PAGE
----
All Things Vintage

As of this evening, I’m the proud new owner of this lovely old gal.


Can you read her badge? She says, “Red Cross” on her. I’ve been informed that she’s a Davis treadle sewing machine, one of the machines the company made and donated to the Red Cross during World War I. She’s got quite a history, this gal! I’m itching to get her home to my house (my in-loves picked her up) and make her sew a pretty stitch. That may be easier said than done. Who knows how long she hung out in the barn?

On another note, I dug out my 1930’s reproduction fabrics tonight to start something new. The only problem? I don’t have a pattern yet, or even a general direction. I was considering a 30’s sampler, but am not familiar enough with pattern history to know which blocks to make. I have a few vintage tops awaiting my attention, too. Those are a wedding ring quilt, Dresden plates to applique down, and string blocks. I could use my repro fabrics for one of those patterns, but I was hoping for a small challenge.

Do you have an suggestions? What would you stitch up if you had a good solid collection of 30’s prints?


5 thoughts on “All Things Vintage

  1. I have recently acquired a Red Cross sewing machine. Although my machine is not near as good as yours due to it being left outside for I don’t know how many years. It has been very difficult to find any info about this machine and the treadle cabinet as well. I can’t restore it back to original but I would like to clean the rust and preserve what details are left on it. I also have the base but the top is so damage from being outside that it needs to be replaced which I could do if I had more info about it. Any info you can give me would be so appreciated.


    • Hi, Pat! I’m not an expert on this or any treadle machine, but we have found out a few tidbits here and there about our old gal. She was made by a company called Davis. (There is a yahoo group dedicated just to Davis sewing machines.) We found that many of the Davis machines were sold through Sears. According to some literature we found when we googled “Davis sewing machine Red Cross”, the company made and distributed domestic machines to Red Cross centers. In all likelihood, our two machines were part of that group. Isn’t that interesting history? How exciting that you’ve found one, too!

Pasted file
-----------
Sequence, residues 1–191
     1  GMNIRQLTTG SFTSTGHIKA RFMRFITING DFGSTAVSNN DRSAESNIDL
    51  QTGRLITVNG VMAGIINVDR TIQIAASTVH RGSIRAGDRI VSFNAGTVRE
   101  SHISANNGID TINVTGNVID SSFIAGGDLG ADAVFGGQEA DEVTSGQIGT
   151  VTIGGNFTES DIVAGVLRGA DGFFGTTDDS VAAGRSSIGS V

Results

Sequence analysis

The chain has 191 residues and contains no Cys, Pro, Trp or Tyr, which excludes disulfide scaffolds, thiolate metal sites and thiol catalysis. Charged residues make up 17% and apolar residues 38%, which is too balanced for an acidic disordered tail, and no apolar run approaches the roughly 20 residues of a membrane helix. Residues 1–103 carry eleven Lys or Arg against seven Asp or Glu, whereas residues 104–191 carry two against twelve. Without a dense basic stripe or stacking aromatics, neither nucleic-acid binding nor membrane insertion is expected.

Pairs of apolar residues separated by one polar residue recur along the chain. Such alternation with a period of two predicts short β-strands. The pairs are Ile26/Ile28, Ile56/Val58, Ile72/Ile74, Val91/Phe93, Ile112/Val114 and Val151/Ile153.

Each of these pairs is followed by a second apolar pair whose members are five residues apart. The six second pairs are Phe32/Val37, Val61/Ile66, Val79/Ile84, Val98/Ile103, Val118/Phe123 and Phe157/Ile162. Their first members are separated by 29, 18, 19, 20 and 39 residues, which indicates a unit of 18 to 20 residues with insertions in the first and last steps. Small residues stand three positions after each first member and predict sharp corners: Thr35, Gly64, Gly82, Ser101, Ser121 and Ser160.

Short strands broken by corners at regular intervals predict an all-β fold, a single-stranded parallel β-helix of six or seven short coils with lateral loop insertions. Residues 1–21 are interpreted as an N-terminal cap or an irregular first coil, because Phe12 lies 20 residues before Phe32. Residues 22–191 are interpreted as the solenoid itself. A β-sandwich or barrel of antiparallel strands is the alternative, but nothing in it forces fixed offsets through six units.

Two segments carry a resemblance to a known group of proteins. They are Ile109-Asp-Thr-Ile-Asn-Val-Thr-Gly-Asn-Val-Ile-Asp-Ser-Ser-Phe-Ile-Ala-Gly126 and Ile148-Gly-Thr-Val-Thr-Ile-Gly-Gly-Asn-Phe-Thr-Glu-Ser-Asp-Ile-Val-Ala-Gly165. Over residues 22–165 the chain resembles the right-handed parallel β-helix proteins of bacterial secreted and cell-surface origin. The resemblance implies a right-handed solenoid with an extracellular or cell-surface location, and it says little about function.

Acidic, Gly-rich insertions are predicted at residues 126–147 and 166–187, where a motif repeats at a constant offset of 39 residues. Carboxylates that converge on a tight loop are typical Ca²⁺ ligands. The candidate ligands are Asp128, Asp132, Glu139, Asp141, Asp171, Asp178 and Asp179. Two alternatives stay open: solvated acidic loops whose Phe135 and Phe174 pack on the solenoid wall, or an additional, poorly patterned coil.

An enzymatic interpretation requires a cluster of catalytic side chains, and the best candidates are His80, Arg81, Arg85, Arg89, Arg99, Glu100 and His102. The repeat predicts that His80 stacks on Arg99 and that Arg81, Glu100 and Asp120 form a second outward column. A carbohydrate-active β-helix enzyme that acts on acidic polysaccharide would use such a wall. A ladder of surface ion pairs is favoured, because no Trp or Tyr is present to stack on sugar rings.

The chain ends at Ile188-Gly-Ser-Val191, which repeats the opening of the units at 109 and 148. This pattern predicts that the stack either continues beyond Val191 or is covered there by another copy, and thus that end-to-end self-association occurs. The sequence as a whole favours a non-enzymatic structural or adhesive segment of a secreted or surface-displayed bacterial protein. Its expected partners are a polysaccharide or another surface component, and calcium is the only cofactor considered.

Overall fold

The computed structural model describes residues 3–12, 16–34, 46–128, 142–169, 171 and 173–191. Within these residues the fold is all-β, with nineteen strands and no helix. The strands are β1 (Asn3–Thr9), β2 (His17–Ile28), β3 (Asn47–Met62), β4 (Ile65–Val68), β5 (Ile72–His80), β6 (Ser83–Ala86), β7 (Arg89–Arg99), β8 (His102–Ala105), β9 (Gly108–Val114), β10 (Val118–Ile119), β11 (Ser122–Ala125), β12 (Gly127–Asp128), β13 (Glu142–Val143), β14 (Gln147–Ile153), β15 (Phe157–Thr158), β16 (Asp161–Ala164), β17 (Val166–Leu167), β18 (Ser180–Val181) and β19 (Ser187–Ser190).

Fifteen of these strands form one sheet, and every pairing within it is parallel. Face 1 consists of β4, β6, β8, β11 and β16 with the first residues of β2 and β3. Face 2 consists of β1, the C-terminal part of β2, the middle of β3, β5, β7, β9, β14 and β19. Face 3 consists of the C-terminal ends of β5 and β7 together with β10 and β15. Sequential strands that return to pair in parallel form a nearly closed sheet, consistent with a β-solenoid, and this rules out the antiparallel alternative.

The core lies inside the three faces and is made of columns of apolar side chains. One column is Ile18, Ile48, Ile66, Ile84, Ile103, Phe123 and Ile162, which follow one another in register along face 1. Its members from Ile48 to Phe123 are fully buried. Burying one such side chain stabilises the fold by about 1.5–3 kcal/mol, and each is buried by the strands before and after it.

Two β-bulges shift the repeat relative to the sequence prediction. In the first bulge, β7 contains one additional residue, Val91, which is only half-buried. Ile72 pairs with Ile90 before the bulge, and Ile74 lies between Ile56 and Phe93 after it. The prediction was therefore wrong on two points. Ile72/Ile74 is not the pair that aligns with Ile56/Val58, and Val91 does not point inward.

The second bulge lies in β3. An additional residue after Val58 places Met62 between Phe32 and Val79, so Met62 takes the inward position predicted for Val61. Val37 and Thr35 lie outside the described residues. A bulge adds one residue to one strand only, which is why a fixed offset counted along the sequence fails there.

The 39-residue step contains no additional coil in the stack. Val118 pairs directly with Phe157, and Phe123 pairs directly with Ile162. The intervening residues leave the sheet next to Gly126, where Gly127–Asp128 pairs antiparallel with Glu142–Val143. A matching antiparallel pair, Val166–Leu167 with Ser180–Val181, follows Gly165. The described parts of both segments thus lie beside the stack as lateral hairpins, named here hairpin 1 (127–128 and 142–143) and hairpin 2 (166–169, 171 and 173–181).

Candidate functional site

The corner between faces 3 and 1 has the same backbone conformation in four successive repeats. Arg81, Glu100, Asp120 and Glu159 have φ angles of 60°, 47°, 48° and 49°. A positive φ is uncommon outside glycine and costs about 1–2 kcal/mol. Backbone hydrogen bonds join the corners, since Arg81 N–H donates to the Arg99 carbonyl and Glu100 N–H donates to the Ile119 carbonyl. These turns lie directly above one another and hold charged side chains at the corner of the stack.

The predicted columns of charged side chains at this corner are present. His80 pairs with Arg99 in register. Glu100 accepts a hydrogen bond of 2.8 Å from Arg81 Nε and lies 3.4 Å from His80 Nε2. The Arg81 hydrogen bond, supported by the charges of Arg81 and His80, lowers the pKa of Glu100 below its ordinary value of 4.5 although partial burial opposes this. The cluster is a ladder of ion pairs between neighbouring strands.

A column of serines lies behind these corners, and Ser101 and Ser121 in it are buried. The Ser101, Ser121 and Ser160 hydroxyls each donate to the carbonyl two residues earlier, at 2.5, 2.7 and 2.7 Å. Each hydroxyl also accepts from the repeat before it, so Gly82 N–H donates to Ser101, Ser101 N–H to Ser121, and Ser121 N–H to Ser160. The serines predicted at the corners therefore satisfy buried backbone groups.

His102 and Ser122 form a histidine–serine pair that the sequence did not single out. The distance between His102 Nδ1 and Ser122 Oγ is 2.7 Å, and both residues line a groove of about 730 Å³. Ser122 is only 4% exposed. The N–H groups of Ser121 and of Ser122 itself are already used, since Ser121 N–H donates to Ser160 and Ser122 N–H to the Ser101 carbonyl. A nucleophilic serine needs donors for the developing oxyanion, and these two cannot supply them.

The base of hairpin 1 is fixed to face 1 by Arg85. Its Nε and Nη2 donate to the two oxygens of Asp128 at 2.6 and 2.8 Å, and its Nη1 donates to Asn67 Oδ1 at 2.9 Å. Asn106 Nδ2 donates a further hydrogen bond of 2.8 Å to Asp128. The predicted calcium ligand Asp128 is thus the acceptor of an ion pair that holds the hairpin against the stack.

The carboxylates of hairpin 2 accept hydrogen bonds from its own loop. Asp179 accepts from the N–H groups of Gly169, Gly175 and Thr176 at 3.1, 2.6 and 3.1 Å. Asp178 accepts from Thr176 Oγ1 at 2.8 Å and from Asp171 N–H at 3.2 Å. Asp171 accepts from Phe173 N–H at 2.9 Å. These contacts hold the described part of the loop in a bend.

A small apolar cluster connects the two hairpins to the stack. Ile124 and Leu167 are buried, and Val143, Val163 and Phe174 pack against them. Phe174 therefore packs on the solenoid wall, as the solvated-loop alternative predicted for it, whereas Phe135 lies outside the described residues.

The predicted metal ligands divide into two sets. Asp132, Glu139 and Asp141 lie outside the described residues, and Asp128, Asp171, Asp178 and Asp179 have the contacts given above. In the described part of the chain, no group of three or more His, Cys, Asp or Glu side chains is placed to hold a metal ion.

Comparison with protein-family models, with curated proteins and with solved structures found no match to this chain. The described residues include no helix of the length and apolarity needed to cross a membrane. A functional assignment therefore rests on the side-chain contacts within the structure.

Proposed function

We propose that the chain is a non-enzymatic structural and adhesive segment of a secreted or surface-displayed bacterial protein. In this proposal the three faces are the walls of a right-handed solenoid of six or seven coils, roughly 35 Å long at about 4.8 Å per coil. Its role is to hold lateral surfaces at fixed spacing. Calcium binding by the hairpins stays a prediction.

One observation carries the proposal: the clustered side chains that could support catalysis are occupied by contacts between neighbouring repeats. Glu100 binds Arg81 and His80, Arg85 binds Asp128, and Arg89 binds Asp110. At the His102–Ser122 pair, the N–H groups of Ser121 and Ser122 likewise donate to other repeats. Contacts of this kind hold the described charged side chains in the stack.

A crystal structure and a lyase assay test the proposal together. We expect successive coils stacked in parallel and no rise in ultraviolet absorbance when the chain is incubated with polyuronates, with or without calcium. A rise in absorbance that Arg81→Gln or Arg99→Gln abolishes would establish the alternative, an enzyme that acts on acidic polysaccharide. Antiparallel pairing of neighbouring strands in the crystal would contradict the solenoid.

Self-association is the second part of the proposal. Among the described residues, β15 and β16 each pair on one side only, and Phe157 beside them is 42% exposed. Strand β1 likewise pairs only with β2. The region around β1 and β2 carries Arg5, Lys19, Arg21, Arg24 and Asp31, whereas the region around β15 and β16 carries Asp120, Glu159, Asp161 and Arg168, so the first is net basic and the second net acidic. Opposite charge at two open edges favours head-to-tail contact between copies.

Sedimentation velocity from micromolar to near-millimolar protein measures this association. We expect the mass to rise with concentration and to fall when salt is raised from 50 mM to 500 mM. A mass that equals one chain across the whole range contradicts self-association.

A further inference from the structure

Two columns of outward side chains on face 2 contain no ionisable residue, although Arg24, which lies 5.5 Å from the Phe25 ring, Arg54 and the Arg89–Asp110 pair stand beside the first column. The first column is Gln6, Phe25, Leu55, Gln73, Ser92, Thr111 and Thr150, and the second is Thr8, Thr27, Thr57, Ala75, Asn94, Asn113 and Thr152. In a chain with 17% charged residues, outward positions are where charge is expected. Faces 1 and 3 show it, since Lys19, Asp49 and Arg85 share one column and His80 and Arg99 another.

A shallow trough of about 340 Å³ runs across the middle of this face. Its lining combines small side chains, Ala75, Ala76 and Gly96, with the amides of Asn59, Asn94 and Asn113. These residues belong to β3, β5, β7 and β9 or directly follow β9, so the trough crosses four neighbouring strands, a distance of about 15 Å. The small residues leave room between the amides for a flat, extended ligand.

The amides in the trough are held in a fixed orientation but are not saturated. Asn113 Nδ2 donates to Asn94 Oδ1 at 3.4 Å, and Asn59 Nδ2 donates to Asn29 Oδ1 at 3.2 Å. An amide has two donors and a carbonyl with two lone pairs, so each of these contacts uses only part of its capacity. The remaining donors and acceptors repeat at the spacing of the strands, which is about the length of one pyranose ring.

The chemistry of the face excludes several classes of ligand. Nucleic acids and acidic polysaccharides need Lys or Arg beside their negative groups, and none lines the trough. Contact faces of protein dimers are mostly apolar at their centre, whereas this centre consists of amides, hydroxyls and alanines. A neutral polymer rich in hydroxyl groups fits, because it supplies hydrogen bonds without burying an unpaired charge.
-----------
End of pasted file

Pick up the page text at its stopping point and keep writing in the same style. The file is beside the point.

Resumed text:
There is a facebook group called “Vintage Sewing Machines” that has an abundance of good advice on cleaning and polishing up an older machine! Happy sewing!
      Thanks for stopping by!


  2. Hi Stacy

    Was wondering if you are able and willing to copy your booklet about the machine and maybe take a few more detailed pictures. Have had no luck finding any more info on this machine. I am willing to pay for a copy.


  3. Hi, Pat,
    I don’t have a booklet for my Davis treadle machine, but found most of the history of it online. My household is mostly packed up right now, but I’ll take some more detailed pictures of the machine once I’m moved in a few months. I’m sorry I couldn’t be more help!


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